Amid a record high deficit this year, China will follow the "golden principle" of ensuring that its debt is invested in good assets, Finance Minister Lou Jiwei pledged, even as he played down fears that the country's rising debt load could derail already weakening growth in the economy.
While he acknowledged that overall debt had climbed - partly due to stimulus spending during the 2008 global financial crisis - Mr Lou said the government is still able to finance its deficits.
China set a budget deficit of 3 per cent of gross domestic product (GDP) this year - the highest since 1979 - in a bid to boost growth as expansion last year, at 6.9 per cent, slowed to its weakest in 25 years.
"Fiscal revenue growth is lower than GDP growth... but does that mean we don't have room to run a deficit? No, what is most crucial is how the deficit is being spent," he said yesterday on the sidelines of China's annual legislative session.
"You should not pay for your meals with borrowed money... but borrowed money can be used to buy a house, with the future income you earn used to pay (the mortgage) off... this is the bottom line we maintain in preventing risks."
Mr Lou said China could still moderately increase its deficit-to-GDP ratio, although not by too much. Government debts at 11 trillion yuan (S$2.3 trillion), or the equivalent of 40 per cent of GDP, are "not very high" relative to other comparable economies, he pointed out.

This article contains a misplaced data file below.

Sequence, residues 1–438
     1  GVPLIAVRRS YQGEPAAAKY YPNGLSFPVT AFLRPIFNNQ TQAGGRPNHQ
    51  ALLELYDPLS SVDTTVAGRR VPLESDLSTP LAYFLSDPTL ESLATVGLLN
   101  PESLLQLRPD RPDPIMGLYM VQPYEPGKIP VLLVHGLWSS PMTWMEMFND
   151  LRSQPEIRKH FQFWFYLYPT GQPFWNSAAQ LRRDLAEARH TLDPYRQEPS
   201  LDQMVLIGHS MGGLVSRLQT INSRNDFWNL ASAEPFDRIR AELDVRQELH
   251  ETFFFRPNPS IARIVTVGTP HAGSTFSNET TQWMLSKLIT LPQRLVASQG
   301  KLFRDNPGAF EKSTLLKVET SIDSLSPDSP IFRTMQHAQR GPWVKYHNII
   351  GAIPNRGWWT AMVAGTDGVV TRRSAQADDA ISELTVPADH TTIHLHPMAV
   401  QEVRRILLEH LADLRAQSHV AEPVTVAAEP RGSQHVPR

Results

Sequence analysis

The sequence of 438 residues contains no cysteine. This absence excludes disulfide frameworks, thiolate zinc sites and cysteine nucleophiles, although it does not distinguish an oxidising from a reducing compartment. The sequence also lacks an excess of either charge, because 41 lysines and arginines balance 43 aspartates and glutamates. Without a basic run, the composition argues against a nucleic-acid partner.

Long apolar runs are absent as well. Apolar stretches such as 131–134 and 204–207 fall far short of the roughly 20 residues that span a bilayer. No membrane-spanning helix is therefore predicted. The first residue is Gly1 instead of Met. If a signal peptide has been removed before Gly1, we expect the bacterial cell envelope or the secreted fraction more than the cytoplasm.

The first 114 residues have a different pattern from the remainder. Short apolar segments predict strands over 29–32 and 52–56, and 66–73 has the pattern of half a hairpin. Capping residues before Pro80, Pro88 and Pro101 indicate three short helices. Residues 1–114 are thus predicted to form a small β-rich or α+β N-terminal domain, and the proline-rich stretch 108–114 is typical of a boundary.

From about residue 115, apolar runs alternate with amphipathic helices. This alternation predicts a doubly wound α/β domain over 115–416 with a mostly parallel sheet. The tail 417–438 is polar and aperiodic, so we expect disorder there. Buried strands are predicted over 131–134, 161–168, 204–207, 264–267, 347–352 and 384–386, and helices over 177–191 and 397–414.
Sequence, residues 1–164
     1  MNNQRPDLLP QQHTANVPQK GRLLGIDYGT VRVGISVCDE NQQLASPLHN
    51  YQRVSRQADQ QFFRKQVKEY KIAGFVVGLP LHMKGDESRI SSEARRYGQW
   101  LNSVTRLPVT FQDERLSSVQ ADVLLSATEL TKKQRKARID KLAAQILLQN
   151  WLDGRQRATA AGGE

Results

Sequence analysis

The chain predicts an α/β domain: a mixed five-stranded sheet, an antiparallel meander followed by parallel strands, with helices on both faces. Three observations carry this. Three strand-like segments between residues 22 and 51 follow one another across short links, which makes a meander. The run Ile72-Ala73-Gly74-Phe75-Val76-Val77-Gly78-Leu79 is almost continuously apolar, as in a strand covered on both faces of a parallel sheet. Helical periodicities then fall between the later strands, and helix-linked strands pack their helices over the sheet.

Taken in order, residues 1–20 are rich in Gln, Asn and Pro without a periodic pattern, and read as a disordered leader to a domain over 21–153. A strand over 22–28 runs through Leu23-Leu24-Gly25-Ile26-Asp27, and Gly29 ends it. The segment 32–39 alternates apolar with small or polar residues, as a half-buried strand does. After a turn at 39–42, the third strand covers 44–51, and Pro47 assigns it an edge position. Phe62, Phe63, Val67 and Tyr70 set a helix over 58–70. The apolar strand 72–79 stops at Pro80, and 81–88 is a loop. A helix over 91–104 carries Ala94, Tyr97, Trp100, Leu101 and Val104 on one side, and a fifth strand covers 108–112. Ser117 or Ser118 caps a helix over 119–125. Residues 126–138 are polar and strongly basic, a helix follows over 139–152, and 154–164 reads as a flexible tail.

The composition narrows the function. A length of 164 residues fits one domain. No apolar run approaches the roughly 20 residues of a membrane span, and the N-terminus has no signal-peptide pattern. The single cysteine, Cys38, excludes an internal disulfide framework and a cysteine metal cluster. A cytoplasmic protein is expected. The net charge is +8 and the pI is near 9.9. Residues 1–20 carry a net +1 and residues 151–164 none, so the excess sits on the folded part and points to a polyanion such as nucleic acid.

Policymakers had previously pledged to raise the efficiency of government investment, which should in theory produce better economic gains without worsening China's huge pile of non-performing loans.
But analysts are sceptical about China's ability to do so. Already, credit ratings firm Moody's downgraded its outlook on Chinese government debt to "negative" from "stable" last week, citing uncertainty over the authorities' ability to implement economic reforms, rising government debt and falling reserves.
A total of 5 trillion yuan of local government debt, for instance, is due this year, while the outstanding amount of such debt stood at 16 trillion yuan at the end of last year.
But Mr Lou said the debt issue is "not a big problem" as Beijing will continue allowing local governments to swap high-interest local debt for cheaper bonds as part of a refinancing plan over the next few years. He cited two other areas as problems instead. First, as the economy slows, contingent liabilities from existing debts could rise for local governments. Second, debts are at times cloaked in other forms, such as public-private partnerships, and need to be properly regulated.
"But... if we control these debt-related risks, it will not severely hurt the economy," he said. He also dismissed fears of rising non-performing loans in domestic banks, which some warn could carry systemic risks, noting that their levels were expected to rise only "mildly".
UOB's China economist Suan Teck Kin said Beijing's efforts to defuse the local debt problem have made headway, adding that the debt-swap has relieved some of the financial stress on local banks while new debts are more closely scrutinised.
Mr Lou also announced plans to revamp China's personal income tax system to include deductions such as mortgage interest as part of a push to make consumption a key growth engine. A draft plan to overhaul the system has been submitted for the State Council to review and a draft law will be submitted to the legislature this year, he revealed.
He said business tax in all industries will be replaced by value-added tax before May, a concrete step in deepening fiscal and tax reform.
But he also criticised China's labour laws as harming workers by reducing job opportunities. The labour contract law passed in 2007 restricts firms' ability to fire workers, which has pushed factories offshore and created a deficit of skilled workers, he said in frank comments.